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Walkthrough: Using Profile-Guided Optimizations

This walkthrough demonstrates how to use profile-guided optimization (PGO) for varied scenarios that range from simple implementations using PGO build menus in the Visual Studio Integrated Development Environment (IDE), to more advanced scenarios that require custom configurations. This walkthrough also discusses advanced techniques that enable you to use PGO command line tools to customize the process for collecting and merging the profiling data. For overview information, see Profile-Guided Optimizations.

This example scenario illustrates how to build a simple application using PGO.

Building with PGO in the IDE

Profile guided optimizations can be applied on any native Visual C++ project. The following procedures illustrate using PGO with a Win32 application.

To create a Win32 project

  1. On the File menu, select New, and then select Project. The New Project dialog box appears.

  2. In the Project Types pane, select the Visual C++ node, and then in the Templates pane, select Win32 Project.

  3. In the Name box, enter PGODemo.

  4. Click the OK button. The Win32 Application Wizard appears.

  5. Keep all default settings. Click the Finish button.

To build the PGODemo project with PGO

  1. In the Standard toolbar, click the Solution Configuration combo box and select the Release configuration.

  2. In Solution Explorer, right-click the PGODemo project node. In the project context menu, select Profile Guided Optimization, and then select the Instrument menu item.

  3. In Solution Explorer, right-click the PGODemo project node. In the project context menu, select Profile Guided Optimization, then select Run Instrumented/Optimized Application to launch your application.

    NoteNote:

    You can also launch the instrumented application by selecting Start or Start Without Debugging from the Debug menu.

  4. Repeat step 3, to train the instrumented application using different scenarios. When an instrumented application shuts down, a .PGC file is created in the project output directory, which contains the profile data for that run.

  5. In Solution Explorer, right-click the PGODemo project node. In the project context menu, select Profile Guided Optimization, then select Optimize.

Building with PGO at the Command Line

Assume you want to build an application myapp.exe from the source files S1,…,Sn, using PGO optimization. First step is to make sure you compile your sources S1,…,Sn using the /GL compiler option.

You need also to specify the optimization options that matches your needs, let’s say you choose the /O2 option. It is to be mentioned that building your application with PGO but without any optimization options, i.e. using /Od, will fire a warning and the compiler will switch automatically to build for LTCG. From the command line your first step would be as follows:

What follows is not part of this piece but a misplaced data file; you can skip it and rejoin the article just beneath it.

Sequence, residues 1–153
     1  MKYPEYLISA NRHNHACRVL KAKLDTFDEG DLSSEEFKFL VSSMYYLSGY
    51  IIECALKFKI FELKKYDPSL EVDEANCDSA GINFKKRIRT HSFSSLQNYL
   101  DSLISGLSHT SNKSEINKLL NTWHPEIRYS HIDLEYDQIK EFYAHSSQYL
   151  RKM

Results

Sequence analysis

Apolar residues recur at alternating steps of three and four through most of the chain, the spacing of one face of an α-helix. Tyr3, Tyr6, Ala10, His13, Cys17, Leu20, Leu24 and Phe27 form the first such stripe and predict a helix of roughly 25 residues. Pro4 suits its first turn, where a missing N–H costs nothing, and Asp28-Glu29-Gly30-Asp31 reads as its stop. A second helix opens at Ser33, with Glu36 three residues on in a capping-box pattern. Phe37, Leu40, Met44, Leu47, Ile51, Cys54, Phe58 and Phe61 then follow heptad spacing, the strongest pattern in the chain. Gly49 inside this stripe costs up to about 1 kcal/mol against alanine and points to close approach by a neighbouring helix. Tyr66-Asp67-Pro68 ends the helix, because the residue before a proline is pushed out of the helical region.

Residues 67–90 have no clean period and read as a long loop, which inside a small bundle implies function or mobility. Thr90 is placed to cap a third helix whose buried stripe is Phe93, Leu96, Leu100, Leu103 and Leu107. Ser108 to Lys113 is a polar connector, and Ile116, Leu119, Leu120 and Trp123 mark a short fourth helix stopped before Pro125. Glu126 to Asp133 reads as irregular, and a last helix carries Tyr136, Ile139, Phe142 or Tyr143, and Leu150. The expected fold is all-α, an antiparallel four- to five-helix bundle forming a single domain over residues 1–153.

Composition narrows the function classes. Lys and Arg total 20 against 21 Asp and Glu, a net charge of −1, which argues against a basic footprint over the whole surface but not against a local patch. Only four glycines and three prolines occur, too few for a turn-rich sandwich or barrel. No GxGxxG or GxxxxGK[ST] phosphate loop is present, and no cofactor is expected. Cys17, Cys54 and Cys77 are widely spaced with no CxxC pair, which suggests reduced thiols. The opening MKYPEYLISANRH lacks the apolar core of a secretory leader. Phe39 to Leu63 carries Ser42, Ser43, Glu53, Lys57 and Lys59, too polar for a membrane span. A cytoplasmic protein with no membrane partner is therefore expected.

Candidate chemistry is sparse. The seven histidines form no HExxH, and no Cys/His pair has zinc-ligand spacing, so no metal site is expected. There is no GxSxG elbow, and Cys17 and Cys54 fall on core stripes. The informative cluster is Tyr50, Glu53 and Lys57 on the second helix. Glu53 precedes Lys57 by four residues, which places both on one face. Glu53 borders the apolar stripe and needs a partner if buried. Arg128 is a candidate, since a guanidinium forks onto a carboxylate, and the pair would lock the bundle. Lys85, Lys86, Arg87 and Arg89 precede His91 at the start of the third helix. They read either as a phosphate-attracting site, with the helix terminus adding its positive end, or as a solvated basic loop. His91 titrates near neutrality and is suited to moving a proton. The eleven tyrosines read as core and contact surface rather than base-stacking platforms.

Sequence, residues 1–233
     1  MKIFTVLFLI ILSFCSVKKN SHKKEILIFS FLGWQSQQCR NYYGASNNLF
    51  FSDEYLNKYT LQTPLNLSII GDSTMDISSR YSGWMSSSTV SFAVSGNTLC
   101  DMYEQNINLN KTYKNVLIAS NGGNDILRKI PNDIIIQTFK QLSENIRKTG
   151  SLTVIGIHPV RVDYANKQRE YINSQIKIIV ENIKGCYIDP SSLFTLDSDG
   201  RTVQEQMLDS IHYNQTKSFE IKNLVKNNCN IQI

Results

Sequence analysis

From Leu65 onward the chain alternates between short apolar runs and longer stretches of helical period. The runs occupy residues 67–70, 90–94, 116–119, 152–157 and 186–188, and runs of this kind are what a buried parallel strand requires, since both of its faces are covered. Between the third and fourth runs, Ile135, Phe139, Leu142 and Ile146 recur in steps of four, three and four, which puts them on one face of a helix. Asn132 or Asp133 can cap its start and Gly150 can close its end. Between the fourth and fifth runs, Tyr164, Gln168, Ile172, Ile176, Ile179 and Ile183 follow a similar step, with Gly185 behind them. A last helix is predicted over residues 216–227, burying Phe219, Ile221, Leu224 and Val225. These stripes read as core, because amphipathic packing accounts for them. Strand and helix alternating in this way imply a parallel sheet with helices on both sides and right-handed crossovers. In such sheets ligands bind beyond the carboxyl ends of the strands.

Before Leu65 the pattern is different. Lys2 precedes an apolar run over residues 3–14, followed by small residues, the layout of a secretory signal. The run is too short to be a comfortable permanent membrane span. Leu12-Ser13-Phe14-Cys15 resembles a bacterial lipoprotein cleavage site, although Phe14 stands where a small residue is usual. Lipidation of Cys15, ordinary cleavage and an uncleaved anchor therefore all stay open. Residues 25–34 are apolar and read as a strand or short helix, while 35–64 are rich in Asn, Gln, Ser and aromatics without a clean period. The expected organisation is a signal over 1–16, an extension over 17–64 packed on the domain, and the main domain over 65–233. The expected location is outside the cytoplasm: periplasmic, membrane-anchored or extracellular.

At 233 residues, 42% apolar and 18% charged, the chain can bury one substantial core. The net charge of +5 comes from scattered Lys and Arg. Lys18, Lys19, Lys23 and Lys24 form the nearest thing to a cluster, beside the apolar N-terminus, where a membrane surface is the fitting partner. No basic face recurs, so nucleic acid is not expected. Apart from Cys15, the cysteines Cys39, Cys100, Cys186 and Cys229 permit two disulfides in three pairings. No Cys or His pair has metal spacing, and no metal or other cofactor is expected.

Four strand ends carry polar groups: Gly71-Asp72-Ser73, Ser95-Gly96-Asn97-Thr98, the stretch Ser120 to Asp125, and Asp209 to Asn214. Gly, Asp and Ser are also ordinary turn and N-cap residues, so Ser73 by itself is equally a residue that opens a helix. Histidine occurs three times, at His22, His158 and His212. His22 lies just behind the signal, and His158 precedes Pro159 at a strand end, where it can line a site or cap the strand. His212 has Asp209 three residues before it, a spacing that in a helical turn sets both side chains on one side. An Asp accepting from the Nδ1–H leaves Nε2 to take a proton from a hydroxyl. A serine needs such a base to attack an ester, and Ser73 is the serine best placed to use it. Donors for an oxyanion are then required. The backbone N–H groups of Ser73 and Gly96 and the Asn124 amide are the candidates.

To compile source files with /GL

  1. cl.exe /c /GL /O2 S1.cpp … Sn.cpp

  2. link /ltcg:pgi S1.obj … Sn.obj /out:myapp.exe

Step 2 creates a PGO instrumented image myapp.exe and also creates myapp.pgd which is the profile database file that will be used by the compiler to build the final optimized myapp.exe. The default name of the .pgd file is the name of the application and the default path is the output path.

You can use linker option /pgd in the previous step to change the default name of the .pgd file generated for your application. You can use /pgd as follows:

To create an instrumented image with /LTCG:PGI and /PGD

  • link /ltcg:pgi /pgd:mypgd.pgd S1.obj … Sn.obj /out:myapp.exe

Now you are ready to train the instrumented myapp.exe using your profiling scenarios. After you are done running the scenarios you will find a .pgc file created per run.

NoteNote:

If you run more than one image of myapp.exe from the same path simultaneously only one .pgc file will be created for all of them and this file will be written to the disk only after all instances are shut down.

NoteNote:

The default path for the .pgc files is the executable path. You can change this by setting the environment variable VCPROFILE_PATH before running your profiling scenarios. i.e. set VCPROFILE_PATH=<some path> then run your instrumented image myapp.exe

You are ready now to build the PGO optimized myapp.exe.

To create an optimized image with /LTCG:PGO and /PGD

  • link /ltcg:pgo /pgd:mypgd.pgd S1.obj … Sn.obj /out:myapp.exe

NoteNote:

Before step 1, you need to have all .PGC files created during the training scenario in the same folder as the profile database file (.PGD)

Let’s assume you have two main customer scenarios for your application. The first scenario is twice as important - or frequently done by customers - as the second one.